Italian soldiers taken prisoner by Germans
The Massacre of the Acqui Division, also known as the Cephalonia Massacre, was the mass execution of the men of the Italian 33rd Acqui Infantry Division by the Germans on the island of Cephalonia, Greece, in September 1943, following the Italian armistice during the Second World War. About 5000 soldiers were massacred and others drowned or were otherwise murdered. The massacre provided the historical background to the novel Captain Corelli’s Mandolin, which later became a Hollywood film. It was one of the largest prisoner of war massacres of the war, along with the Katyn massacre of 22,000 Poles by (then) German ally Soviets, and one of the largest-scale German atrocities to be committed not by the Waffen-SS but by Wehrmacht troops (specifically, the 1. Gebirgs-Division, an elite formation of the Wehrmacht). The massacre started on 21 September 1943, and lasted for one week.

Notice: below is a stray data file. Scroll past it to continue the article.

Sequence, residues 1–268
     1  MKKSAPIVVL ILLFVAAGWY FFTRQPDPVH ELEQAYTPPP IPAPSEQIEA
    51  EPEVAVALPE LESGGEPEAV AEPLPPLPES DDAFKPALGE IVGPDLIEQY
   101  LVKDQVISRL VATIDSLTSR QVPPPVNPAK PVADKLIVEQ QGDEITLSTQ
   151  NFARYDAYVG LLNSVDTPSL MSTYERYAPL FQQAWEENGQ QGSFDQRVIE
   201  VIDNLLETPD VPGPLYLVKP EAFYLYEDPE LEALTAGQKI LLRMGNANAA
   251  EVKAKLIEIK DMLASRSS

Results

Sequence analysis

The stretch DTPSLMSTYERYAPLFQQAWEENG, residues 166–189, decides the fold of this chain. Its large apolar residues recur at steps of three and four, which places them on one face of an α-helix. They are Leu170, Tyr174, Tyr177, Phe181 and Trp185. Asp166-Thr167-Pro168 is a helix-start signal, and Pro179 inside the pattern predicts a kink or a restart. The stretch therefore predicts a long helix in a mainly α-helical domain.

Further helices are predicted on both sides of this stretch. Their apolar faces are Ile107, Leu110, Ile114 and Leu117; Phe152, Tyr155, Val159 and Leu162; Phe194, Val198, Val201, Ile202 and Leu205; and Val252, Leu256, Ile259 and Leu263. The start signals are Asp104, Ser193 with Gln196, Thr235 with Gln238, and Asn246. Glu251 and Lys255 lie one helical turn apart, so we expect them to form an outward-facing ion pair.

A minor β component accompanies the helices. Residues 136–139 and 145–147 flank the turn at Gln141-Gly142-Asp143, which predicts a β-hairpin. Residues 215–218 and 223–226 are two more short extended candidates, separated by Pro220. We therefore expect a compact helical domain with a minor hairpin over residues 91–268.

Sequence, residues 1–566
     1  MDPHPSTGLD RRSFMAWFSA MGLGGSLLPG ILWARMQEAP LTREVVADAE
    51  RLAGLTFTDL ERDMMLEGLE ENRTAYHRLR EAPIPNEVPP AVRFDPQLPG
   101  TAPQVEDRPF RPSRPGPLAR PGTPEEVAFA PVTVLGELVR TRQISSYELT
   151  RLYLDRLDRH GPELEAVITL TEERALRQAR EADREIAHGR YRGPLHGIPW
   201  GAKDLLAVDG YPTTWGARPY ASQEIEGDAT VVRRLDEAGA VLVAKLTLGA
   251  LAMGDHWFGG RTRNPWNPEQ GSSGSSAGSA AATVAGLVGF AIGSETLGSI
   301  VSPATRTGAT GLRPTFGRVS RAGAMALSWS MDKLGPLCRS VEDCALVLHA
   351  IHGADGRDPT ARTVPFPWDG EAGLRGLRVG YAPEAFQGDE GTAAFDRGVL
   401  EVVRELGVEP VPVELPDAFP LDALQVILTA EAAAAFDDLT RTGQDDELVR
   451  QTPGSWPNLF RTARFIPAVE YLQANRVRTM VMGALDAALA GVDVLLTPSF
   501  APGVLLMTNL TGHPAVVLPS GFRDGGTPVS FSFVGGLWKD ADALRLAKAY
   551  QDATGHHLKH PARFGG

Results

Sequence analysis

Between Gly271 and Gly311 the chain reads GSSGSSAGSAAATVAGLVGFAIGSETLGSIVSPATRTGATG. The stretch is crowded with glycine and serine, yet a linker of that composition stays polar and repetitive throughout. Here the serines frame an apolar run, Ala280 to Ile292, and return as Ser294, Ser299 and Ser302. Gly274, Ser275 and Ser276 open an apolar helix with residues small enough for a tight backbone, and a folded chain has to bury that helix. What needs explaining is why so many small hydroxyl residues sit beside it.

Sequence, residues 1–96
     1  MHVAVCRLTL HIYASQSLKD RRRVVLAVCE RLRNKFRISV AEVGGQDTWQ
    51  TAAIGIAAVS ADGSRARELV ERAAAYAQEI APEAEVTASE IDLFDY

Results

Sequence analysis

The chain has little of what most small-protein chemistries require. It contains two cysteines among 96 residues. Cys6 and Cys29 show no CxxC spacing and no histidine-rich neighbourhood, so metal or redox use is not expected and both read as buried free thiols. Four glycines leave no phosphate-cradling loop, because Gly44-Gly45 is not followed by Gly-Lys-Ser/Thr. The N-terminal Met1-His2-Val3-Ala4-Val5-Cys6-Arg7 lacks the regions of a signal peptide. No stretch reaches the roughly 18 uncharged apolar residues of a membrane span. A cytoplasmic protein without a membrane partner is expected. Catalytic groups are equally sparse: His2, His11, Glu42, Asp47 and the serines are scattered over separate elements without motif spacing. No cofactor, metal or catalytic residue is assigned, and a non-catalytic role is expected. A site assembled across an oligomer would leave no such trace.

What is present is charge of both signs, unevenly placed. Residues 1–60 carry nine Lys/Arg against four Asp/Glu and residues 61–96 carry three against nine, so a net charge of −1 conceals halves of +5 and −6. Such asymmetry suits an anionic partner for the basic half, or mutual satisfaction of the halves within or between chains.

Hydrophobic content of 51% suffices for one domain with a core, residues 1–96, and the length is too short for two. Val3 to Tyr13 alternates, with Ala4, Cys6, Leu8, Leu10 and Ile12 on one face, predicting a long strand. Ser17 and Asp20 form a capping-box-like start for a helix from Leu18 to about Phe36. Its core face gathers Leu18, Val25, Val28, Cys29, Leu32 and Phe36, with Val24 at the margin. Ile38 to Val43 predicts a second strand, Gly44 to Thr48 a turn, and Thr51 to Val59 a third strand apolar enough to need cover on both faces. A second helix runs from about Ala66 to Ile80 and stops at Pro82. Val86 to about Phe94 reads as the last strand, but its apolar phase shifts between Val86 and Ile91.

The subject of the massacre was largely ignored in Italy by the press and the educational system until 1980, when the Italian President Sandro Pertini, a former partisan, unveiled the memorial in Cephalonia.